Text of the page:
Screening for prostate cancer is something that men are recommended to do on a regular basis. And for good reason, prostate cancer is one of the most commonly diagnosed cancers in men but it is also easily treated. Because there are often no symptoms associated with prostate cancer – especially in the earliest stages – screening becomes even more important in terms of identifying disease so that treatment can begin immediately.
Prostate cancer screening generally includes a digital rectal exam in a doctor’s office during which the doctor is able to feel for any lumps or unusual growths and the prostate specific antigen (PSA) test during which a blood test measures the levels of PSA in a man’s blood. An elevated level of PSA can indicate the presence of prostate cancer. If either of these screenings indicate the need for further testing, then a doctor may order a trans rectal ultrasound or biopsy to ultimately make a diagnosis.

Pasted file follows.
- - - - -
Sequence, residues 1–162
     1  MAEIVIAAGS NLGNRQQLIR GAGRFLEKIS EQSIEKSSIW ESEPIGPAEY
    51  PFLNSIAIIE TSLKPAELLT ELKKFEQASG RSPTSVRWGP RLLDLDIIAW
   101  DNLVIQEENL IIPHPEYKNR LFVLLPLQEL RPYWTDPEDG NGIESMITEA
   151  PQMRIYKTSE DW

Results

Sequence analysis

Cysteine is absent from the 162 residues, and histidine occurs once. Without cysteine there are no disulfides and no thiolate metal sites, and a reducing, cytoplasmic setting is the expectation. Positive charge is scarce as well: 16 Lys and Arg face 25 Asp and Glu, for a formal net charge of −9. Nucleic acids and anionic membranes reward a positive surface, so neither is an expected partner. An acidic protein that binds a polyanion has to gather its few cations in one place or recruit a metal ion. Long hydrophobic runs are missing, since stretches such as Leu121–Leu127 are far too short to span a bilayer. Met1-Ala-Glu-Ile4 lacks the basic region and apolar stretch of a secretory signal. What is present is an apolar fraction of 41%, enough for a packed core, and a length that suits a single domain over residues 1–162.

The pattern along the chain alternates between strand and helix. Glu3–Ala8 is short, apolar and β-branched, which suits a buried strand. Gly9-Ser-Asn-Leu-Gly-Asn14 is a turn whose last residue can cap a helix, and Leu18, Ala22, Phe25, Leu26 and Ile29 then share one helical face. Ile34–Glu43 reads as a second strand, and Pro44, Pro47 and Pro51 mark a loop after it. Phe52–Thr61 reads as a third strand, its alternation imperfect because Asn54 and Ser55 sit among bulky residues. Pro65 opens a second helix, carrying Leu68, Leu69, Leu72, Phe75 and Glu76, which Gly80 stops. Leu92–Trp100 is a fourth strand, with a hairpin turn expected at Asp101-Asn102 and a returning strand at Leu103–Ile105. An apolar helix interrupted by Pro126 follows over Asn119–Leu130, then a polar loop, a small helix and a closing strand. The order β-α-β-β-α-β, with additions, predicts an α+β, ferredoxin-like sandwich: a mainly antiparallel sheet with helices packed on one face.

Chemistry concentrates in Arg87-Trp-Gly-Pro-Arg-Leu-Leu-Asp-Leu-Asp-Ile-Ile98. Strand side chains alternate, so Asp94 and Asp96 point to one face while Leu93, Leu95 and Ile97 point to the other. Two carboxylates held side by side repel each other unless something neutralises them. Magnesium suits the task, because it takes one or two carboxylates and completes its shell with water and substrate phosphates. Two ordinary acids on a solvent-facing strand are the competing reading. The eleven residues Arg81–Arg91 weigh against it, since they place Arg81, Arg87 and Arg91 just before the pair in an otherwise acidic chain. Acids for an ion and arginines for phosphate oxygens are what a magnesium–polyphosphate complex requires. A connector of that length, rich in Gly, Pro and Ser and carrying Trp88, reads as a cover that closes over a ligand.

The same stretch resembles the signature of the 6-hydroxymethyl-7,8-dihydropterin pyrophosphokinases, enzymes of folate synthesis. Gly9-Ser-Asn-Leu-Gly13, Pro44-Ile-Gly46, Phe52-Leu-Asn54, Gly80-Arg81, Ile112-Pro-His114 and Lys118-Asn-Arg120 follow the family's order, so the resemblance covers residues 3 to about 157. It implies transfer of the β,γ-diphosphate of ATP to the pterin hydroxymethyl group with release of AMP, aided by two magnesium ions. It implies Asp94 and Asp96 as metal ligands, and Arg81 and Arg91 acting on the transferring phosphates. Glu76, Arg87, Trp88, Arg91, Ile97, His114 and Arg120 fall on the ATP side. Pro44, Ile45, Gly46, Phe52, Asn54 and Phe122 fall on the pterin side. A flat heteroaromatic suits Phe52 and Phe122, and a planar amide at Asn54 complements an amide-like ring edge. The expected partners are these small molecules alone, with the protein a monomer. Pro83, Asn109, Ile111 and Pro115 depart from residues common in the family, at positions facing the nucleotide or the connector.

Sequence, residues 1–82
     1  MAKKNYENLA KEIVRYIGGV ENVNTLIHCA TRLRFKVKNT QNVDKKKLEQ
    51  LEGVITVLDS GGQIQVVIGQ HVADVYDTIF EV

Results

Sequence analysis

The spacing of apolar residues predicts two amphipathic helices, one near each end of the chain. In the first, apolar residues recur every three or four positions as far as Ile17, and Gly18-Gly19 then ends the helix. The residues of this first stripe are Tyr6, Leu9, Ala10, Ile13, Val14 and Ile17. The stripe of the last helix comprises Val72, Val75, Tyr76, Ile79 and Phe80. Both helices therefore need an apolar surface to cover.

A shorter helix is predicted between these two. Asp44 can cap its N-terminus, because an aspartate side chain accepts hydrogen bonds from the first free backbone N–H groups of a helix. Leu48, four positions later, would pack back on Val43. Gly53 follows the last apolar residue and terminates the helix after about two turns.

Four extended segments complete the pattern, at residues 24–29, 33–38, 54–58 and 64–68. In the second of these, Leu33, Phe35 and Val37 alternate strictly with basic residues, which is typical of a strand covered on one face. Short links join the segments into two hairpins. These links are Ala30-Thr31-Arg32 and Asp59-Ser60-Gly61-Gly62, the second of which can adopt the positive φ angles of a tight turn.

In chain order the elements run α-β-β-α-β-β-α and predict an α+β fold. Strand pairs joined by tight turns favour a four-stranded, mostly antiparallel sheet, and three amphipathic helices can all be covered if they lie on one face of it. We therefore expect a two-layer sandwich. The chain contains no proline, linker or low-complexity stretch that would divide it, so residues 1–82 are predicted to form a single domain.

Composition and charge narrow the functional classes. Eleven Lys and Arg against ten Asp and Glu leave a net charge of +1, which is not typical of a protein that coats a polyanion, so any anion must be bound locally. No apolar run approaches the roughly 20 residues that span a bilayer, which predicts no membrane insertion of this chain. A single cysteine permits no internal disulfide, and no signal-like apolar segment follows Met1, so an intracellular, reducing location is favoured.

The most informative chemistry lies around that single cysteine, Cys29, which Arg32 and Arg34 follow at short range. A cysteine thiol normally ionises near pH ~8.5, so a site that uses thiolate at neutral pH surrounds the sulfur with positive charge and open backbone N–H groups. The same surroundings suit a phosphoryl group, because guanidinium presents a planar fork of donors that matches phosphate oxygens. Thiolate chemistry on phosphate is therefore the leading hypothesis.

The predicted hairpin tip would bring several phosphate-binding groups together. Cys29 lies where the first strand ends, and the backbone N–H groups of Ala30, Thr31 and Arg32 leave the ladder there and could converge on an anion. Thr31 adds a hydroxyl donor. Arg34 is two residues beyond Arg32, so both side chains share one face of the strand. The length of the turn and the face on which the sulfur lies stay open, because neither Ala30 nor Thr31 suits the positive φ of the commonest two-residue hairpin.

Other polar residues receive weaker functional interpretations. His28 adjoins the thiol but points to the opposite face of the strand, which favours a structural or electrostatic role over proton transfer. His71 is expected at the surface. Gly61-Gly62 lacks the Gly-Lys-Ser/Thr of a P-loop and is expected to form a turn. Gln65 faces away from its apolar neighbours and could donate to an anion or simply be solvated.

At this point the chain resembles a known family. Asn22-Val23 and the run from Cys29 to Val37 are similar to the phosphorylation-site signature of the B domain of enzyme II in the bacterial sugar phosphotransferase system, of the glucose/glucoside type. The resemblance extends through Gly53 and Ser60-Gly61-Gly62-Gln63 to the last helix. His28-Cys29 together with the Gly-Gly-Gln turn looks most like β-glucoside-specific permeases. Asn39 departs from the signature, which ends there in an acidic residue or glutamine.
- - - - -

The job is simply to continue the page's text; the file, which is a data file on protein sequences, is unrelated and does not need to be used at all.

There continues to be a debate, however, about whether men should include a PSA test in their routine prostate cancer screening.
The reason for the debate is because the PSA test may not accurately translate to the existence of prostate cancer. Elevated PSA levels can also signify the presence of infection or the commonly occurring – and benign – prostate enlargement. In fact, it has been shown that approximately only one in four men who have elevated PSA levels actually have prostate cancer.
The other school of thought is that an elevated PSA level may lead to the discovery of prostate tumors that ultimately are slow growing and would have never grown past the prostate itself or caused any complications whatsoever. Instead, treatment itself for the tumor can cause a variety of complications including incontinence, impotence, infection, and more.
Ultimately, it is recommended that screening for prostate cancer in whatever way makes sense, should be a decision to left to the patient and his doctor.